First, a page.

Google has announced Offline Media Import/Export today, which is a service that can be used by companies to send data stored on hardware to Google’s Cloud Storage service.
Some of you may certainly be thinking that storing data on Google’s servers in nothing new, so why go to the bother of launching a separate service for it? Well, as the Offline in the name implies, using this service allows you to upload data into Google’s cloud without having to depend upon the Internet. You just mail the device that has the data, and forget it.
The service is similar to what Amazon started back in 2009, with its AWS Import/Export
According to a post by Ben Chong, Product manager, Google
This is a solution that allows you to load data into any Google Cloud Storage class (Standard, DRA and Nearline) by sending your physical media — such as hard disk drives (HDDs), tapes, and USB flash drives — to a third-party service provider who uploads data on your behalf.
Also, not only can you now upload data minus all the hassles, the process is faster too. As Ben Chong said,
It’s faster than doing it yourself: Popular business DSL plans feature download speeds that exceed 10Mbps (megabits per second). However, upload speeds generally top out at 1Mbps, with most plans providing just 768kbps (kilobits per second) for upload. This means that uploading a single terabyte (TB) of data will take more than 100 days! This also assumes that no one else is using the same network connection. With Offline Media Import/Export, this process can now be completed in days instead of months.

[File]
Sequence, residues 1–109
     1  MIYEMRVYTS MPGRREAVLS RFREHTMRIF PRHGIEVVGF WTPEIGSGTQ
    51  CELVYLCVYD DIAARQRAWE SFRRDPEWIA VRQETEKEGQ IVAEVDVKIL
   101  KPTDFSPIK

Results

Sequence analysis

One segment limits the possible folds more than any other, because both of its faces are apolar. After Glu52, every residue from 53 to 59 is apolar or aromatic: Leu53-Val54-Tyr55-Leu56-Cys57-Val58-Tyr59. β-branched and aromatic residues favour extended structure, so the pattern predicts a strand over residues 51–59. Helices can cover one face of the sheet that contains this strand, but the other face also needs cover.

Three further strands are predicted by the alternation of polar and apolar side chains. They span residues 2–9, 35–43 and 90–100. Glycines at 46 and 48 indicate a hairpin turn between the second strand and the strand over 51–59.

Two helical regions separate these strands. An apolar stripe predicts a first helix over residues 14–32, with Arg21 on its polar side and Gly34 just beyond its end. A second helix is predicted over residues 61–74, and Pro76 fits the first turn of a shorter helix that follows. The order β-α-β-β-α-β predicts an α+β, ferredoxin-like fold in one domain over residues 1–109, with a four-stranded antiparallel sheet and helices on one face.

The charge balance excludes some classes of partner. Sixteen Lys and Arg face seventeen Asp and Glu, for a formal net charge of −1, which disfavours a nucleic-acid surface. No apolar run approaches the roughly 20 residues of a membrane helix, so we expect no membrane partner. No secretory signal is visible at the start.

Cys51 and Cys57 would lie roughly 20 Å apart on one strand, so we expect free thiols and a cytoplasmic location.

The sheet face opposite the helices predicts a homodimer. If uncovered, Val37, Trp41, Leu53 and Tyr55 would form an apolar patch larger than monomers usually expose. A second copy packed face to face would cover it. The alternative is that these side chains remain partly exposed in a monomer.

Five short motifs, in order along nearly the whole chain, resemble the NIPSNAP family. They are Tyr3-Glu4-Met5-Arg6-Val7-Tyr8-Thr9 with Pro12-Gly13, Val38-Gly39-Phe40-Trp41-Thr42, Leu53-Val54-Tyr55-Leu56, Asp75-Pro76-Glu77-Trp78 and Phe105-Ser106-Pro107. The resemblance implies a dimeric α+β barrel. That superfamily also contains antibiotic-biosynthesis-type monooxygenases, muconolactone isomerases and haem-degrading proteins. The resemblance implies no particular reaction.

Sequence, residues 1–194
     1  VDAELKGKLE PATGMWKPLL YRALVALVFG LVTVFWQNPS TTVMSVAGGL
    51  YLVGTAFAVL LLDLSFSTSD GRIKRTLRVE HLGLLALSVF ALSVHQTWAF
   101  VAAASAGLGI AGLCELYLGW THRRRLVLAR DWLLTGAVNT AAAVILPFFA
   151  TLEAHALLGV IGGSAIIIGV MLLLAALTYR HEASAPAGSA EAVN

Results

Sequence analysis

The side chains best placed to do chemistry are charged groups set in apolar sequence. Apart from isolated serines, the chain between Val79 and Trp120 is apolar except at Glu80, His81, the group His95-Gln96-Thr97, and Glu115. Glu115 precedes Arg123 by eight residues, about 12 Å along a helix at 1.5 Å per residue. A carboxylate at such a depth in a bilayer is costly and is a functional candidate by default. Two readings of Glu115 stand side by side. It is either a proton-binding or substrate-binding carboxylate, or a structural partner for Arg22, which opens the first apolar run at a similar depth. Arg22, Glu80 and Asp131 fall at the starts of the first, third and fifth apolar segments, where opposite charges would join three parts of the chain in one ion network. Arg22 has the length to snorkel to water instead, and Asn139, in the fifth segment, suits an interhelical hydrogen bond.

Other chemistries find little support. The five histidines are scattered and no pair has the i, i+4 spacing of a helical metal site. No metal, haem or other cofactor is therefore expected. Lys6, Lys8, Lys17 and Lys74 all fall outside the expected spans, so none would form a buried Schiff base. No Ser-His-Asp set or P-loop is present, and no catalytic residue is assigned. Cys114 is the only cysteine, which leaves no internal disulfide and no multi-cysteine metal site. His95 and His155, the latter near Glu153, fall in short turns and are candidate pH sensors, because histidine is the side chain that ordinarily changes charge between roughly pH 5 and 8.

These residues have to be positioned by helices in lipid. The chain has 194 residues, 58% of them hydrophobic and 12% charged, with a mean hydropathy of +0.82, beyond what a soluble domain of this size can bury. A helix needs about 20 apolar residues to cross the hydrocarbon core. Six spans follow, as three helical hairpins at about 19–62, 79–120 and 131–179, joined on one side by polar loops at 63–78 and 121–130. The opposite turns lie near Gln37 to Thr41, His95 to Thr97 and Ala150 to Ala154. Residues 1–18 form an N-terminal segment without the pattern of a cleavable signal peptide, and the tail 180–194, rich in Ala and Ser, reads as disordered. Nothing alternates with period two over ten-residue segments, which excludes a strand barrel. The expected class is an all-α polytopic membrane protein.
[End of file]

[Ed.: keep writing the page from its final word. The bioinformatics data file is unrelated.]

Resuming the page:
There you have it. While we do not need to elaborate upon how important cloud storage is, Google’s service may just make those who are undecided about committing to cloud because of all the attendant difficulties, take the leap.
Currently, the only service doing anything in the neighbourhood and provides third-party upload is Iron Mountains that does the uploading in North America. According to Google, Service providers will start offering the service in Europe, the Middle East and Africa, and the Asia-Pacific region.
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